from Unsung LP (Flydaddy Records, 1994)
Standing on a Bridge ----> also included on the Secretions Compilation (C/Z Records, 1988)
Calvin and Hobbes

from Carnivore LP (Popllama, 1989)
Whatever i can grow
This condition

from Getz, The Worm (The Great Utopia/Flydaddy, 1997)
What time it is

Sunday, August 8, 2010

The decline of north-western civilization: Overlord and the metal years!

When we think about the pre-grunge era, most of us are tempted to remember the hardcore/noisy or post-punk acts of that time such as Accused, Ten Minute Warning, Silly Killers, Mr Epp or The Blackouts. But Seattle also had a healthy metal scene back in the early 80s. A good documenting piece of history from that era is the Northwest Metalfest compilation (released by Ground Zero Records in 1984) featuring bands such as: Overlord, Metal Church, SATO, Lipstick, Bondage Boys and a few more others. As a brief add-on for who needs a connection between this early metal scene and the stinky flannel-wearers generation: Steve Van Liew and Kurt Lofstrom from Overlord went to play in the mysterious band My Eye (about which I wrote a article almost a year ago here) and it seems that Mike Starr, the original bassist from Alice in Chains, played in SATO…ha, what about that !!!

Overlord formed in 1980 in Seattle, line-up including: Steve Van Liew (vocals), Kurtiss Lofstrom (guitar), Glen Logan (guitar), Kenny Kubsen (drums) and Doug Bane (bass). The band made its debut with its self-financed EP, Broken Toys, in 1982 released by Sad City records. In 1984 the band recorded a demo and contributed with the song On the Edge on the Nothwest Metalfest Compilation. Same year they called it quit.

I don’t know much about the 80s’ metal scene from the northwest, but regarding the up-mentioned compilation I think Overlord didn’t quite fit with the rest of the bands. The band was a little bit different both in sound and image. They weren’t anything of the speed, power-metal stuff, instead they played an Alice Cooper-Iggy and the Stooges-mix-with-Aerosmith sort of thing. And that actually made some people believe they were the first grunge band, or at least played a significant role in the future local scene.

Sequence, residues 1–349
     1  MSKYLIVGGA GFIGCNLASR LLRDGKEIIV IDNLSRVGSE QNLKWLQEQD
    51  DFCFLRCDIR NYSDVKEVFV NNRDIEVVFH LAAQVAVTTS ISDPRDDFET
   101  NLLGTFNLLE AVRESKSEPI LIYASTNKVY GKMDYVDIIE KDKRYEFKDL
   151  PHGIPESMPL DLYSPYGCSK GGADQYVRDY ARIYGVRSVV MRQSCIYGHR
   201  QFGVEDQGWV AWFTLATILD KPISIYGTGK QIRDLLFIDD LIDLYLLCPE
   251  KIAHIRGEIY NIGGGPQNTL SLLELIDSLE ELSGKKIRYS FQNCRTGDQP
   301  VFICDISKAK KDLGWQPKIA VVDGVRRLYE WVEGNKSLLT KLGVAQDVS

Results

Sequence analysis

from Broken Toys Ep

from Northwest Metalfest Compilation

from the '84 Demo

Saturday, July 10, 2010

Milton Garrison Interview. Part II: The Vexed Years

I posted in February a Milton Garrison interview, from which you’ve learned about his other musical project like In Vitro Pope, Altered, The Drills and Yeast. One of the things that you don’t know is that the interview has a second part about Vexed and the band’s demo, about which, apparently, not many people know.

You’ll also see in the interview bellow a mention of the Student Nurse band, about which I can’t help on saying a few words. Student Nurse was part of the Seattle Syndrome generation of bands, that ruled Seattle almost a decade before the whole grunge explosion. The band formed in the late 70s and disbanded at some point around 1983. They left behind, as far as I know, two 7’’s and a fabulous four song Ep, As seen on TV.

Now, back to Vexed…Sadly the demo won’t be posted now but Milton Garrison promised us he will be back with the songs and we’ll post a link with them in the comment section. So…do check in often!!!

1. We know about your projects before Vexed (from the previous posts), I know Alfred Butler played in Death of Marat along with Daniel House…What about the rest of the crew?
Vexed was always a work in progress until David Lapp recorded with us. I'm not aware of bands he played in before Vexed. But after Vexed he managed to play professionally in San Francisco with a reggae/dub band.

Billy Warner, who left Vexed in 1984, played in a band called Baba Yaga. Joe Newton played and recorded with us during 1985. He went on to play with Gas Huffer. Jason Fin played with us during 1988 and he went on to Love Battery and Presidents of the United States of America.